No Joke! Colts Punter Pat McAfee Backs Conor Daly's Indy 500 Car

McAfee's new venture, which benefits veteran causes, will be promoted on No. 18 race car for May 29th race.

Pat McAfee injected comic relief and cash Wednesday into buddy Connor Daly’s ride for the 100th Indianapolis 500 presented by PennGrade Motor Oil.

The Indianapolis Colts punter, known for his entertaining off-field adventures, visited Indianapolis Motor Speedway to join Daly and team owner Dale Coyne in announcing a primary sponsorship of the American-themed No. 18 car, which will promote McAfee’s new company

McAfee, an eight-year NFL veteran whose penchant for laughs have included a stand-up comedy tour, didn’t disappoint in spreading his enthusiasm for backing the Dale Coyne Racing car for the May 29th Verizon IndyCar Series race more commonly known as “The Greatest Spectacle In Racing.”

“Today is a gigantic day in history. Jot this one down in the books,” McAfee said. “This morning when I woke up, I had a nice large piece of apple pie. That’s what Dale Coyne and I do, right Dale? Conor couldn’t do it because he’s got practice. I chugged a nice, tall Budweiser. I took a shower and brushed my teeth with freedom.”

Daly and Coyne laughed as McAfee kept rolling.

“Dale seems really elated,” McAfee said. “I just gave him a check.”

McAfee’s involvement centers around a company he launched three days ago. In addition to helping Daly, a 24-year-old local fan favorite from nearby Noblesville, Ind., who was without a primary sponsor, the venture will benefit Wish For Our Heroes as well as The Pat McAfee Foundation with proceeds from the $18 T-shirts sold. Wish For Our Heroes was founded by American veterans to help struggling veterans with every day situations. McAfee’s Foundation has donated more than $150,000 in scholarships in the past three years to children of military families.

He said the T-shirts, although quite comical and just created “in the last couple hours, they are shirts that will quench the thirst of patriotism that people have deep in the pit of their stomachs.”

McAfee and Daly recently became friends — the punter was seen giving the driver a pep talk before Saturday’s Angie’s List Grand Prix of Indianapolis at IMS. Daly finished sixth in the road-course race, tying his best placement in 11 career series starts.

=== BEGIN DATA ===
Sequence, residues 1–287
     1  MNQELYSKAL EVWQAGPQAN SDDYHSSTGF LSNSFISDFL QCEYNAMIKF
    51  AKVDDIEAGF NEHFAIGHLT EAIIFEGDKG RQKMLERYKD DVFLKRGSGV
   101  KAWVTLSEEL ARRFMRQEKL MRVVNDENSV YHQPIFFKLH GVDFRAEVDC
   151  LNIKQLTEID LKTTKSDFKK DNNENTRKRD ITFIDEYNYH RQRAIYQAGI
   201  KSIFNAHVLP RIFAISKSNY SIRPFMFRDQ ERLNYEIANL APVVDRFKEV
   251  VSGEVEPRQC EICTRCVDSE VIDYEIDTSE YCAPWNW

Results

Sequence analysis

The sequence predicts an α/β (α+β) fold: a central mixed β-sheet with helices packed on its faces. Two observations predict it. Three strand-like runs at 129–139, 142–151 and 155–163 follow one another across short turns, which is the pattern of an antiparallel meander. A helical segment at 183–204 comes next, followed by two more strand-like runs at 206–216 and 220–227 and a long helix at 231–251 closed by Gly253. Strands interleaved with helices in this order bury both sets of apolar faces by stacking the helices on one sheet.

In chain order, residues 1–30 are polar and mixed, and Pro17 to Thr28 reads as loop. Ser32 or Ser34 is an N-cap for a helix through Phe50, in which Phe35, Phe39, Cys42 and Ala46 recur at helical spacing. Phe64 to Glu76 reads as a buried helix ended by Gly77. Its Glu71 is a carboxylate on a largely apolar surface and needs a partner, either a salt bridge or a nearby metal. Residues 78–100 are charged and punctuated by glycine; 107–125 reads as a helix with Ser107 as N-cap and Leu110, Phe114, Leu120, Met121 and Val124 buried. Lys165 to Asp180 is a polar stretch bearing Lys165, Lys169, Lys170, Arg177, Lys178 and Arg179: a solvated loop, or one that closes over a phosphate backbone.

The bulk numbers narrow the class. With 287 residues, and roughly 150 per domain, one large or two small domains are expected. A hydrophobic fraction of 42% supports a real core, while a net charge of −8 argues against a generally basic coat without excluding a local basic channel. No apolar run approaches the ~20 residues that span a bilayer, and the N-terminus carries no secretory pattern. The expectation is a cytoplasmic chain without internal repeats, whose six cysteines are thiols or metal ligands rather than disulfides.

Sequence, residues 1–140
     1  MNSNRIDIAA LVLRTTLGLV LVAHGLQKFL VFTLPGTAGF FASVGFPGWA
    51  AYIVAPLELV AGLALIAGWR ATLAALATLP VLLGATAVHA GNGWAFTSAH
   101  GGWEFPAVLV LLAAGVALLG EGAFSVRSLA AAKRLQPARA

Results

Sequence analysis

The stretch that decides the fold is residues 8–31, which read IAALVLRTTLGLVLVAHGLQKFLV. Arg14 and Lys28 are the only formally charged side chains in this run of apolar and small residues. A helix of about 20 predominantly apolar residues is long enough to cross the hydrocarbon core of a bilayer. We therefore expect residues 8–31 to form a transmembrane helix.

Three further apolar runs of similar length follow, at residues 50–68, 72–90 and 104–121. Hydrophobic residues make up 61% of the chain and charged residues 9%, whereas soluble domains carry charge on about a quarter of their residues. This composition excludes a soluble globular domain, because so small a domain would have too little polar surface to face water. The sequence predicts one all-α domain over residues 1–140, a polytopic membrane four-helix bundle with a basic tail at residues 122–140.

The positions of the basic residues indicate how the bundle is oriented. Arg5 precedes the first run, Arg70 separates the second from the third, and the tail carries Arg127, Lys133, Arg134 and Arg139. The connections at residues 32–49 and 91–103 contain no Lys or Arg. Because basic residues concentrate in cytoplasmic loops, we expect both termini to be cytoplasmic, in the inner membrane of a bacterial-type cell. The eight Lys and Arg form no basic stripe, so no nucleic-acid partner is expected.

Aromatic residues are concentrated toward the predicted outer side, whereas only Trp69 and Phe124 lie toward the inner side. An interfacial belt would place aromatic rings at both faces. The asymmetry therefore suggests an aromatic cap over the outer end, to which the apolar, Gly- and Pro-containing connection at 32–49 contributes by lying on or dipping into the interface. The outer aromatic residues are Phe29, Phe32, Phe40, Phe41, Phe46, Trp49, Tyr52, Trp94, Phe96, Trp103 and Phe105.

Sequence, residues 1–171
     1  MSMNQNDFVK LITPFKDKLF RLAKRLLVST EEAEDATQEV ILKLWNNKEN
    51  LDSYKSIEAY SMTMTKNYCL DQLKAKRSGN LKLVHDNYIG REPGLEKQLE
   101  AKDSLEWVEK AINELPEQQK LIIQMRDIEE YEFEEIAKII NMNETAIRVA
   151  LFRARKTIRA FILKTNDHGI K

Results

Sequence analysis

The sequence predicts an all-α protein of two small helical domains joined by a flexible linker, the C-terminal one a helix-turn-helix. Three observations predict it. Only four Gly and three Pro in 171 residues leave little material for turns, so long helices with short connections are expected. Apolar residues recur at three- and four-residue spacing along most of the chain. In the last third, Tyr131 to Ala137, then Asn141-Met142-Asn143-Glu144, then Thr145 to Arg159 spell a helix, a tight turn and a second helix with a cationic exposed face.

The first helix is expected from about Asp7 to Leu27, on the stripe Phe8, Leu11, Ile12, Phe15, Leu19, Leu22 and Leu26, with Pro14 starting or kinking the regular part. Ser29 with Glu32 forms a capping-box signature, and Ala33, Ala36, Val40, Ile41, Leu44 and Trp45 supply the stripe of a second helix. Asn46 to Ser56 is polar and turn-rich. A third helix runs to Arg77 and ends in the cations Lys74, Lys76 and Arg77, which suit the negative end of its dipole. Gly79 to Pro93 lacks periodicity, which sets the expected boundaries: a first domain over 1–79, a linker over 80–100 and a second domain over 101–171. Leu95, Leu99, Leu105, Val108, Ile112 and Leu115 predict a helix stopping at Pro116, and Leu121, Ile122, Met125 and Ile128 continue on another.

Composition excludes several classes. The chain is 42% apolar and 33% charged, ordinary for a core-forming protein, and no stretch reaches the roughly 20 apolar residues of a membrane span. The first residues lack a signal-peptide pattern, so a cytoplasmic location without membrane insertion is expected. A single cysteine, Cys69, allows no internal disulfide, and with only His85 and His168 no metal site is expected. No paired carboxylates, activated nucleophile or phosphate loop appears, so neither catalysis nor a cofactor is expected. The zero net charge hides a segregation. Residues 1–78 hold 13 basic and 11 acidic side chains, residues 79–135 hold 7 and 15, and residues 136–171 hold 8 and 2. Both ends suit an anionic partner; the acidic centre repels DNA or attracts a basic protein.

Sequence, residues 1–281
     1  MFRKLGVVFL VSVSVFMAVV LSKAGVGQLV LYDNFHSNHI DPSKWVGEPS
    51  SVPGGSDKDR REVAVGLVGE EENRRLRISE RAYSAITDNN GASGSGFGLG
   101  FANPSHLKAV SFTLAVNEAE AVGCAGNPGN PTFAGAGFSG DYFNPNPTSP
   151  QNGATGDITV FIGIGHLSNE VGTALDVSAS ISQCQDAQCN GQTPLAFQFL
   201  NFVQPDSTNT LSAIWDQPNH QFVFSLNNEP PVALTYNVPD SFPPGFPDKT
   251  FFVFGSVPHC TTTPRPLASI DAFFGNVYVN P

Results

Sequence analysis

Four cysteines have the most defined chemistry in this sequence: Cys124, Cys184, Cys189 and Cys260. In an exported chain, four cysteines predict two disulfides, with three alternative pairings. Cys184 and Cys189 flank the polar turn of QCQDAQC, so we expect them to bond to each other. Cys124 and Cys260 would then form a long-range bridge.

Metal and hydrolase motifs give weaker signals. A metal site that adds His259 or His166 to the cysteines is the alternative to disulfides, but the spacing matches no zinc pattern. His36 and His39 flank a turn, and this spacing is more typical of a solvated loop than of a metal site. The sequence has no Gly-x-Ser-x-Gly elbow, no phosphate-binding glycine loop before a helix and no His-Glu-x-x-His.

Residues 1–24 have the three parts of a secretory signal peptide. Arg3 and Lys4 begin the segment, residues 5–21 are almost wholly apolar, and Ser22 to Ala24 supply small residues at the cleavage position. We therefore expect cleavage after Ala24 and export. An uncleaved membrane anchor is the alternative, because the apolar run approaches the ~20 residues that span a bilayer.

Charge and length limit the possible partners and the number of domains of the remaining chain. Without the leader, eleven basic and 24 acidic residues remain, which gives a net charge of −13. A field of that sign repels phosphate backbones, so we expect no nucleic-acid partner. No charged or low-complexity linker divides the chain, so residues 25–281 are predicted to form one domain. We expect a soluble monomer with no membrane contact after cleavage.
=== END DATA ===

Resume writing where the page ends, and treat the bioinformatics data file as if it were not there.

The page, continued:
The two laughed about facing off in the Mario-Kart video game. Both agreed that McAfee won the series competition.

As for race day, McAfee assured he’ll enjoy the race from a suite and not as a crew member in the pits.

“On a serious note, Conor and I have been friends for a while,” said McAfee, who admitted he lost a real go-kart race to his more experienced buddy.

“We’re going to celebrate in Victory Lane by chugging 10 bottles of milk and we’re going to raise money for military foundations while doing so. I’m so excited for today to happen and I can’t wait for the race to start.”

He then asked Coyne if he had anything to say.

“No,” a smiling Coyne said, “I think you covered it. That’s his job. That’s why he wears No. 1.”

Daly in his first full season in the series and is looking to make this third Indy 500 start. He finished 22nd in 2013 and 33rd last year.

“This is obviously really cool for us,” he said. “Our program, we’re obviously in for the season, but we had a gap here at the ‘500’ that we had to fill. It’s been really difficult to put the whole program together, but Pat came on board and it’s actually a really cool idea and it’s really a cool thing he’s created here. To raise money for veterans and military families is something that our whole Indianapolis 500 race weekend is about as well.

“I’m a proud American. Pat is a tremendous American. We’re going to have a great time representing America for this whole month. I can’t thank him enough for coming on board.”

The No. 18 car has shed its white, green and black livery for a red, white and blue color scheme. McAfee points out that just five Americans have won the Indy 500 in the last two decades and it would be great to “get number six, especially a kid from Indiana.”

Daly said, “That touched my soul.”

“This is a majestic American vehicle that you’re going to be puling for from start to finish all 500 miles,” McAfee said. “We just want something that people can be proud of.”

An excited McAfee vouched for Daly’s talent as an up-and-coming racer, and then some.

“To be honest,” McAfee boasted, “Babe Ruth called his shot. ‘Broadway’ Joe called his shot. And this is me putting my money on the guy I’m guaranteeing a win for. That might be a lot of pressure for Conor, but I don’t really give a damn because I don’t have to drive a car.”

McAfee drove the pace car for last year’s Angie’s List Grand Prix of Indianapolis. Although a Pennsylvania native, he’s quickly become a passionate racing fan.

“Two years ago, I sat in turn one and I actually got to see the action and found out why people love this sport,” he said. “Although I beat him in Mario-Kart, he’s going to win the Indy 500 and you can go ahead and quote it.”

Daly countered, “Thanks, pal, and then we’ll have a rematch afterwards.”

“You don’t want that,” McAfee said. “But I tell ya what, you win and I get a chance to be in Victory Lane ever, you can do whatever the hell you want to me, Conor.”

Daly couldn’t stop laughing at his new sponsor.

“Stop it, keep it together,” McAfee told him under his breath.

“This is the greatest thing ever,” Daly said.

McAfee closed the news conference by saying, “We’ll see you in Victory Lane.”

Phillip B. Wilson also can be found on Facebook and Google+.

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